Aussie Ex-Flight Attendant Offloads Herself From Three Successive MAS Flights After Fume Concerns
MAS's Heathrow station manager Kevin Jones told Flight International that Lesley Williams was going to be boarded early for the 22:00 departure on 12 June so she could make up her mind about whether to travel at this third attempt, but that if she decided against flying she would not be offered another flight on the same ticket. He says the airline would consider recompensing her for the cost of the flight, which would have been Williams's return journey to Australia.
Williams was one of many flight and cabin crew who gave evidence to the Australian Senate inquiry in 2000 into cabin air contamination and its effect on aircraft safety and health.
Immediately on boarding the aircraft Williams could smell oil, and she says that in all three Boeing 747s she boarded it had been the same. She was informed by MAS that the air conditioning was being provided by the aircraft air conditioning packs supplying external air using ground power, not the auxiliary power unit. She says she believes the air conditioning system must have been contaminated by earlier events involving engine or bleed air. She decided not to fly.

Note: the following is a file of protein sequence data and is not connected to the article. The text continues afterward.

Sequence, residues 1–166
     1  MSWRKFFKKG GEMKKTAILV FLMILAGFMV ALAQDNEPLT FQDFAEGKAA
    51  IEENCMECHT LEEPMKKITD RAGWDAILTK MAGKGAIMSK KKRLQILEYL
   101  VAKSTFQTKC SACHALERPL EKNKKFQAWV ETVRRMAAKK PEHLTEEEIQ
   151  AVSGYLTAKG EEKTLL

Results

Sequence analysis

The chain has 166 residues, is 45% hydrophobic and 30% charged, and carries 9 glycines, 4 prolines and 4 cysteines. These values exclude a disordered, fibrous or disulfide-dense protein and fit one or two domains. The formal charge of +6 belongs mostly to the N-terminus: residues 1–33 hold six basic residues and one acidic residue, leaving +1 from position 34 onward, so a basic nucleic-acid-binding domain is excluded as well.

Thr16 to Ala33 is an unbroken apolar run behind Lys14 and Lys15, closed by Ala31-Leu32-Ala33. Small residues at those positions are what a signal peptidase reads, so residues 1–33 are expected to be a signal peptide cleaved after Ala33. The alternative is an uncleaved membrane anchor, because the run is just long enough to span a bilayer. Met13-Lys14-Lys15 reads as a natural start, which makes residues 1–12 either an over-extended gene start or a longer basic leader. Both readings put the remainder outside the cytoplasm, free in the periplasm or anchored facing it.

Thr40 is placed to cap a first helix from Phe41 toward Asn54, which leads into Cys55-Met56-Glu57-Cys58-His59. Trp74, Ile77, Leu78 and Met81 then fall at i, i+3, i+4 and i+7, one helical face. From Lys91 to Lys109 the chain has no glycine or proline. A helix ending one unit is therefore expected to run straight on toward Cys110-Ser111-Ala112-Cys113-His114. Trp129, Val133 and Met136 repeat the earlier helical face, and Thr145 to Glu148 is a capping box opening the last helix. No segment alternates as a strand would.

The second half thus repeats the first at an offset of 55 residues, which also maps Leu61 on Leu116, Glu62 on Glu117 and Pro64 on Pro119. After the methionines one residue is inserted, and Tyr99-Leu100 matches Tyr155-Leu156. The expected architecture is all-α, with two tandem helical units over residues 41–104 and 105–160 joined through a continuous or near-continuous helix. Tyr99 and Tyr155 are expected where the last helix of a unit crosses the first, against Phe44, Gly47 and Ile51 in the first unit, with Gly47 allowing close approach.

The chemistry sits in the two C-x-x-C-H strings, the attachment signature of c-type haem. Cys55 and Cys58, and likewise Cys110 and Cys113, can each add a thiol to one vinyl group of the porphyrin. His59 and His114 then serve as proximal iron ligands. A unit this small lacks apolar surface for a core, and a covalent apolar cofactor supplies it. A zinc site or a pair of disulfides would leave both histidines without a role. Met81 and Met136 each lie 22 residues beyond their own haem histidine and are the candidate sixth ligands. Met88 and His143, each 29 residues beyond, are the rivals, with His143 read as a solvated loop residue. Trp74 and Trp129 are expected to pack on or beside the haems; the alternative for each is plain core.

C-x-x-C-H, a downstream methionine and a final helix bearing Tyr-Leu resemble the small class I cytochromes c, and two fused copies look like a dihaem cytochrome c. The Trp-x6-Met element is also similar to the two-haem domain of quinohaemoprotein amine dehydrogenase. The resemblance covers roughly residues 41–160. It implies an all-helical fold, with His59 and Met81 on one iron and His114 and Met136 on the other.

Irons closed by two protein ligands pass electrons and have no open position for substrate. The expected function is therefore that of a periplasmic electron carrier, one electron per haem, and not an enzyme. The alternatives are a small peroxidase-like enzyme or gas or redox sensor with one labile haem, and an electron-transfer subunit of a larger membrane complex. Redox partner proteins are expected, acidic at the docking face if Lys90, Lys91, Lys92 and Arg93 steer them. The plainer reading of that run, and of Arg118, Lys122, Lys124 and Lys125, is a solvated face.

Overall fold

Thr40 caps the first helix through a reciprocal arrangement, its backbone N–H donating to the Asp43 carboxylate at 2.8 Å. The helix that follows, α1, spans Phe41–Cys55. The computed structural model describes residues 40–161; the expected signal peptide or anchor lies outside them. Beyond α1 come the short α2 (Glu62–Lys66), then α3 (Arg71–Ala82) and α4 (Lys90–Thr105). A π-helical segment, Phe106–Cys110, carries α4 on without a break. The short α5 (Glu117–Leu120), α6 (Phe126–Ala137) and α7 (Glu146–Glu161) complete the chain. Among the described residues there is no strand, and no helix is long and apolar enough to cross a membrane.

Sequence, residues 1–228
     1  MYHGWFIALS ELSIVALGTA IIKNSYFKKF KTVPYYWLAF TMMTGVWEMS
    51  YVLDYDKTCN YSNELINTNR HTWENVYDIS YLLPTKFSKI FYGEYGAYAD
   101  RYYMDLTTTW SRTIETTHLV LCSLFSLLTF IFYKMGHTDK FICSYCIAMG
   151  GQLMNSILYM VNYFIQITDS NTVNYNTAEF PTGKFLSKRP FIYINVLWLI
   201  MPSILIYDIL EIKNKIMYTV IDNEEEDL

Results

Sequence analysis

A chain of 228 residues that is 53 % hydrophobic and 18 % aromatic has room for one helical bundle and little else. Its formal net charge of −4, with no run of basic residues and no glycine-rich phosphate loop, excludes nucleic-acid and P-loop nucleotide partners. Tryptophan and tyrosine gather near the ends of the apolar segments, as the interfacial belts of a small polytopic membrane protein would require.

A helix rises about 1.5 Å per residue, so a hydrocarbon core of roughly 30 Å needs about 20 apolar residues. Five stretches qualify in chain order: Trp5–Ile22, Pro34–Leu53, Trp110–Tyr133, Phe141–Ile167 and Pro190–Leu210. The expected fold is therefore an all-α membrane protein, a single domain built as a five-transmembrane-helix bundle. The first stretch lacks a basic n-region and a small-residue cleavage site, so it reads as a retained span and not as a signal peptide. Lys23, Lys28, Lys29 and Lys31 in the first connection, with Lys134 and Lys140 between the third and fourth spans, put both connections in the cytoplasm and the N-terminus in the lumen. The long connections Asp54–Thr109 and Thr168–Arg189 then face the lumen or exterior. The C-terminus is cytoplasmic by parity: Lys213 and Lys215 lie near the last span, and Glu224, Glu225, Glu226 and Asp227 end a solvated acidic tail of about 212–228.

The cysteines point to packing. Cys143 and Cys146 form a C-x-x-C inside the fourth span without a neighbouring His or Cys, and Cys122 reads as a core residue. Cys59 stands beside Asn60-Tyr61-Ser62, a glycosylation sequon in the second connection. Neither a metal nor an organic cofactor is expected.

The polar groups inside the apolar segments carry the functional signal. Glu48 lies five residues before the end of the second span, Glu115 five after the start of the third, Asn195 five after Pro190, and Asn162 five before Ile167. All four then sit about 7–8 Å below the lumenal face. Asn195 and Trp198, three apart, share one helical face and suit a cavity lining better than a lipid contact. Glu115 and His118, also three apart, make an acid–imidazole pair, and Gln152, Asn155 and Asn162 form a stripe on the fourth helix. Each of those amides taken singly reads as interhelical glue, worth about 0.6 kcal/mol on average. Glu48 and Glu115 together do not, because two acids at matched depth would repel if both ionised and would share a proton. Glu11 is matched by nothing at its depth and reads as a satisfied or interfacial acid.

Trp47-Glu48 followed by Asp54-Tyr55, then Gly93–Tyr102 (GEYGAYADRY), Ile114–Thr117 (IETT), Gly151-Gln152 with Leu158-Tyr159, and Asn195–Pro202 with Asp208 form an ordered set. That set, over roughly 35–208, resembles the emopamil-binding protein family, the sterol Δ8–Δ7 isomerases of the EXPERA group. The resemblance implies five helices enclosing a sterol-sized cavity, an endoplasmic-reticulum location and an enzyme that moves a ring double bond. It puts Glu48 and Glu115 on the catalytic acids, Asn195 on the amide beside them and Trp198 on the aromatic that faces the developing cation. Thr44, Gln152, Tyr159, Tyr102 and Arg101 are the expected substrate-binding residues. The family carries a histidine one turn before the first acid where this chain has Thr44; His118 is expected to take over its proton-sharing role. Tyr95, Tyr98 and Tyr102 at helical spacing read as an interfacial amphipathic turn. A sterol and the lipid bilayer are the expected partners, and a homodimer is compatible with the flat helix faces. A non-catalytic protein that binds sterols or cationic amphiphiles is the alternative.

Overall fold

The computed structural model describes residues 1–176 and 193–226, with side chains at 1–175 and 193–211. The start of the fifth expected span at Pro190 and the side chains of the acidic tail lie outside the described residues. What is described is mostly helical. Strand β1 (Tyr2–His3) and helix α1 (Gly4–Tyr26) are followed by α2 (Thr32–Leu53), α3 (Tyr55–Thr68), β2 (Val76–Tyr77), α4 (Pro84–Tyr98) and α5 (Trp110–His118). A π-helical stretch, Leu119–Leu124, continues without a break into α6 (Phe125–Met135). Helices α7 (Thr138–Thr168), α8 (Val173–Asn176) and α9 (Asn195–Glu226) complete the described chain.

MAS flights from Australia to the UK had been free of oil smells, Williams says, but she adds that her determination not to fly on an aircraft she recognised as contaminated stems from identifying the same smell on boarding a Qantas 747 flight from Heathrow to Australia in August 2004. She decided to fly anyway, and suffered six months' chronic fatigue syndrome before, as she explains it, her system purged itself of the toxins to which she had been subjected. She says she reported the state of affairs to Qantas at the time and the airline promised to get back to her, but it never did. (Flight International)
***** Is the real problem in our aircraft or in this lady's mind?